It was 35 years ago. I stood outside the police station with a group of 12 year olds, waiting for things to get started. As I watched my dad drive away in the car, my heart started to pound. The police officer outside started collecting the permission slips from the other kids…and I realized mine was still sitting on the table in the kitchen.
What to do? We’d been looking forward to this for WEEKS.
My face grew hot as I worried about being the only kid who didn’t get to shoot that night.
I looked around, and saw lights on and people moving in the house across the street from the police station. I bolted out of line, crossed the street, and ran up the front steps and rang the doorbell.
I needed to use the phone.
I wouldn’t get to shoot and finish hunters safety if I didn’t get my permission slip.
Yes, I was a tomboy, Yes, I grew up in the West, and NO, I wasn’t the only girl. And Yes, I was/am a great shot.
I knew they were home. I saw them a minute ago. Why weren’t they answering the door? So I rang it again.
Finally, a girl about my age answered the door. “Uh, yeah?” she said.
“Can I use your phone to call my parents?” I asked.
“Um, sure…it will take me a while to find it,” she replied.
I walked in behind her.
There were three adults in the family room, all watching television. I think it was the Andy Griffith Show.
And the TV picture was in black and white.
Yes, I am that old.
And I watched her climb over piles of laundry, books, dishes, food wrappers, boxes, and I don’t even know what…to get to the wall, where the phone was plugged in.
Obviously this was a while ago, back when all we had were land lines.
And no one thought twice about going to a stranger’s house.
She found the cord, and followed it under the piles of stuff. I called my parents.
None of the adults even looked away from the television to acknowledge that I was there.
The girl and I talked for a while.
I never asked her why she didn’t go to school where I did.
And I never saw her again.
I got to shoot that night, but I remember less about that than I do about this girl’s home.
And now, in the world we live in today, there’s a name for folks like this and even a TV show or two about them.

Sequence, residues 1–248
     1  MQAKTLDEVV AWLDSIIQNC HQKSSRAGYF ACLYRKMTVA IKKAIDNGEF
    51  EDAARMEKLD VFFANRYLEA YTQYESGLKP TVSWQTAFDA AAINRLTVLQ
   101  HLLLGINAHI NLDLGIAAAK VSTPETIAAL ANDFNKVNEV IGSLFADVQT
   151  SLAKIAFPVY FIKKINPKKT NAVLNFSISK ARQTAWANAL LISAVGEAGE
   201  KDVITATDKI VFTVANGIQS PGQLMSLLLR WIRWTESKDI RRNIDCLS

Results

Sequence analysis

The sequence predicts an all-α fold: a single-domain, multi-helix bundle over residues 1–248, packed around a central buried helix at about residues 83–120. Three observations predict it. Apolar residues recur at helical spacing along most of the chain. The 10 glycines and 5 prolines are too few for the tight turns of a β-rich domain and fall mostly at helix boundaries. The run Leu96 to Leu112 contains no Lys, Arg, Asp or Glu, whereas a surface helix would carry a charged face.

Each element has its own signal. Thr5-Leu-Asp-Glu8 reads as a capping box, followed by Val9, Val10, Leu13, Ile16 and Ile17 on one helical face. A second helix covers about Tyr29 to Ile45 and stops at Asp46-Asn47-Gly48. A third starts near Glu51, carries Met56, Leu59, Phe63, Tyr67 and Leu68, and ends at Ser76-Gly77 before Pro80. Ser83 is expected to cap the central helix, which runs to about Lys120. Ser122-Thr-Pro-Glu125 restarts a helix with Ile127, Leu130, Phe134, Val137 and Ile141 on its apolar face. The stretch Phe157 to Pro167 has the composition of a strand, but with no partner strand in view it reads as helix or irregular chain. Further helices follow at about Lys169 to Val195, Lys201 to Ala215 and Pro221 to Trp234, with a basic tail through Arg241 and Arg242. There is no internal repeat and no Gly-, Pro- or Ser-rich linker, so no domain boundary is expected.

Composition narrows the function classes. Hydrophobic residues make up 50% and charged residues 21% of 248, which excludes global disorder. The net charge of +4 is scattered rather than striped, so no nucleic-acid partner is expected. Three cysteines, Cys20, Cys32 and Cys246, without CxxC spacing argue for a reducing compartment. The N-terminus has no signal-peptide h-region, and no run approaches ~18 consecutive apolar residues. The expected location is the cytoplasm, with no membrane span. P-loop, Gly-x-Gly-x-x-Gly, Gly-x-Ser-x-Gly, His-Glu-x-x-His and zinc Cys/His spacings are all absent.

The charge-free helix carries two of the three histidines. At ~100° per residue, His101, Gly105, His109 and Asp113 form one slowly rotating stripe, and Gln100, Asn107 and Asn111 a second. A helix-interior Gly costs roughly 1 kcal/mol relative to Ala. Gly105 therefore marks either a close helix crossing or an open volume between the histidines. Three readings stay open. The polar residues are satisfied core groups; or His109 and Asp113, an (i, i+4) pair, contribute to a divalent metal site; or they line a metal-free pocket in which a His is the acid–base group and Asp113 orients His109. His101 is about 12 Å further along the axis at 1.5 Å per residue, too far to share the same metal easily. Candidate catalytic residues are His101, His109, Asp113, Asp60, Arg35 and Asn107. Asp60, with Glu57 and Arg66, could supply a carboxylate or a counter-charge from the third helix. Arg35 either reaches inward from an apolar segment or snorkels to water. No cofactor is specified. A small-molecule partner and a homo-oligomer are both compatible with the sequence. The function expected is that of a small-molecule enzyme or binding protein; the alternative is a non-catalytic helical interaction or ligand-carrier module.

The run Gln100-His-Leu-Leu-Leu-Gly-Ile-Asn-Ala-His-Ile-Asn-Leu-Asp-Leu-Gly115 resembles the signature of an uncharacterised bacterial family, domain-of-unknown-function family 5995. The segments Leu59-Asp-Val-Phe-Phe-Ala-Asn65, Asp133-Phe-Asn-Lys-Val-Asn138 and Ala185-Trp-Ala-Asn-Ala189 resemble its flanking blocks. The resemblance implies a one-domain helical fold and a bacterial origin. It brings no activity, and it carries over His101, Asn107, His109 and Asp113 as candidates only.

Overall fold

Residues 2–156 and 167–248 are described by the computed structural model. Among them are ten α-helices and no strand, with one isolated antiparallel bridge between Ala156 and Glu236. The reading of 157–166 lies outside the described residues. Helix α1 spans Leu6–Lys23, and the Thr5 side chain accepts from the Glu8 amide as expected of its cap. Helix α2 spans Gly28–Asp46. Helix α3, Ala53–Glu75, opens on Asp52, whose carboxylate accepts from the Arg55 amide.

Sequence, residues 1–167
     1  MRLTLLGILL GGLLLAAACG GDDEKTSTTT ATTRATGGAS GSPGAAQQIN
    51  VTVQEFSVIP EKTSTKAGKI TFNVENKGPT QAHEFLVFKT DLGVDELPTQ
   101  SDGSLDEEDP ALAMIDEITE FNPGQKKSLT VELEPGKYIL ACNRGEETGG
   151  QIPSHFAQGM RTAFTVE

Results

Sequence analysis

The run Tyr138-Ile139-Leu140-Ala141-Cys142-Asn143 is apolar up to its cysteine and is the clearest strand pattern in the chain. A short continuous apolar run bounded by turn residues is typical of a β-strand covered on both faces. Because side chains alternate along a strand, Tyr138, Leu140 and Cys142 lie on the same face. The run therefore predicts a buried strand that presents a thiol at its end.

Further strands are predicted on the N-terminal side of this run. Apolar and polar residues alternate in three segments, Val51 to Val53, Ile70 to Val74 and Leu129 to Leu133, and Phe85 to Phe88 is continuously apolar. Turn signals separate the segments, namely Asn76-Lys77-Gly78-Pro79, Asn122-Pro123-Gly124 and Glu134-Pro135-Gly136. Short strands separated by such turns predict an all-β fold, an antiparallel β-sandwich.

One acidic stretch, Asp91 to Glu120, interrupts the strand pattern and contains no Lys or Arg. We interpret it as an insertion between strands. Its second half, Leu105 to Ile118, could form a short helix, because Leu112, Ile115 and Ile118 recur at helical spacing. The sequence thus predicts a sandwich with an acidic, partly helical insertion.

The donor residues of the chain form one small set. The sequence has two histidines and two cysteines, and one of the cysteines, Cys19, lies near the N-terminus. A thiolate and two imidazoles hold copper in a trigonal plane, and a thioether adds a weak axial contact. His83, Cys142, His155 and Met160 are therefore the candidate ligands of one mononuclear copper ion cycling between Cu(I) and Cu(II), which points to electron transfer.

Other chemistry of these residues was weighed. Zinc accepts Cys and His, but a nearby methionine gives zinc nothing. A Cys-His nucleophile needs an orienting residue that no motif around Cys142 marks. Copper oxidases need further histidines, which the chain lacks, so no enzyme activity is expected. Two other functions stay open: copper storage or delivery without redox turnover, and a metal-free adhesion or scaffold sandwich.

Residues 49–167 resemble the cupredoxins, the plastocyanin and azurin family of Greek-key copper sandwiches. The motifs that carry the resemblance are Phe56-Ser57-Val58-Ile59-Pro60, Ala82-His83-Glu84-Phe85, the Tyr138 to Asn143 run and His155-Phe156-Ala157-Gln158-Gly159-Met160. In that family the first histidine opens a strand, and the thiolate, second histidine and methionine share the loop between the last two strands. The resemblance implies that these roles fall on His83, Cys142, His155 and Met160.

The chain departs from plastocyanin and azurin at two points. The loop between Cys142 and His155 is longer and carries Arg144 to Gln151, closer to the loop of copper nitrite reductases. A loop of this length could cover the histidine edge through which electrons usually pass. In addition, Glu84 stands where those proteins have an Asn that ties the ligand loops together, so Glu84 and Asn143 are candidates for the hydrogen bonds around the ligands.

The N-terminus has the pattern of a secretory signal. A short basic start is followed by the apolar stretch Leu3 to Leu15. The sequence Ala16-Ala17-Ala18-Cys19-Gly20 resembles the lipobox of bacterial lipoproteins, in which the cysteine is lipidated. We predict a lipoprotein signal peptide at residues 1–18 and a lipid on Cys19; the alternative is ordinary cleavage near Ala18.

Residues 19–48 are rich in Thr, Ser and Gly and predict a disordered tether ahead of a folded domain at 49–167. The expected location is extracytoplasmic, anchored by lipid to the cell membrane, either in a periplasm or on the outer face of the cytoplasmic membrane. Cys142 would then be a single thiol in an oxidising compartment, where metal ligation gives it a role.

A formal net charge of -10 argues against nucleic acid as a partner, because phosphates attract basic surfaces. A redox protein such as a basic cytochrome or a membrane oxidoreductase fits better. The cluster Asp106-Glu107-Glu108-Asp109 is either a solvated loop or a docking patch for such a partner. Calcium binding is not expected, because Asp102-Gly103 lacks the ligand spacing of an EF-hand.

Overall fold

We in the west make light of the many serious issues our gluttony causes – we lightly refer to them as, “first world problems.”
And I’m not exempt – I have too many dishes, too many pairs of black shoes, too much makeup, and I’ve kept too much STUFF that I don’t need over the years.
And this year for Christmas, when I was asked what I wanted, I said, “I want someone else to get chickens.” I want my own chickens, actually, but I can’t have them in my subdivision. So I wanted someone else to have chickens. And regardless of what you think about the controversy with World Vision about a month ago, they took chickens to people in another country for my son as a gift to me.
And it made us both happy.
Because honestly, I would rather have things that money can’t buy – time with the people I love to pieces.
There’s never enough of that.
And I don’t really need anything else.
And who has too much love in their life?
But having said that, a friend of mine on our ministry team sent me the plaque below – it has my life verse on it. And it makes me exquisitely happy. WAAAAYYY happy.
And the best thing? I don’t get to see her that often because she lives in Georgia. So every time I see this, it makes me ridiculously happy and helps me think the best-est of things – about her, about my life, about everything He gives us.
So understand I’m not saying to be uber-minimalist.
But I am saying to be careful where you store up your treasures – because that’s where your heart will be. Matthew 6:21
Dare ya to get rid of some things and get a tax deduction. Double dog dare you to share what you’re getting rid of…
And if you are around Tuesday morning (April 29), we’d love to have you at Horizon Church in Newtown for our last video session for Daughters of Sarah! We’ll have coffee (thanks to a special donor!!) at 10am, and get things started around 10:30am and be done between noon and 12:30pm.
You can be part of our live studio audience. And I will have a very special personal invitation for YOU at the end. I hope you’ll come. Maybe I won’t be so nervous about getting it right!
If you are parenting small people, you should totally follow Leah and Debbie if you have tweens, teens, or twenty-somethings. Like us on Facebook so you can know when Daughters of Sarah becomes available in video format this year. I’m also active on Twitter as @NinaRoesner. Come join the discussion!
Love to you,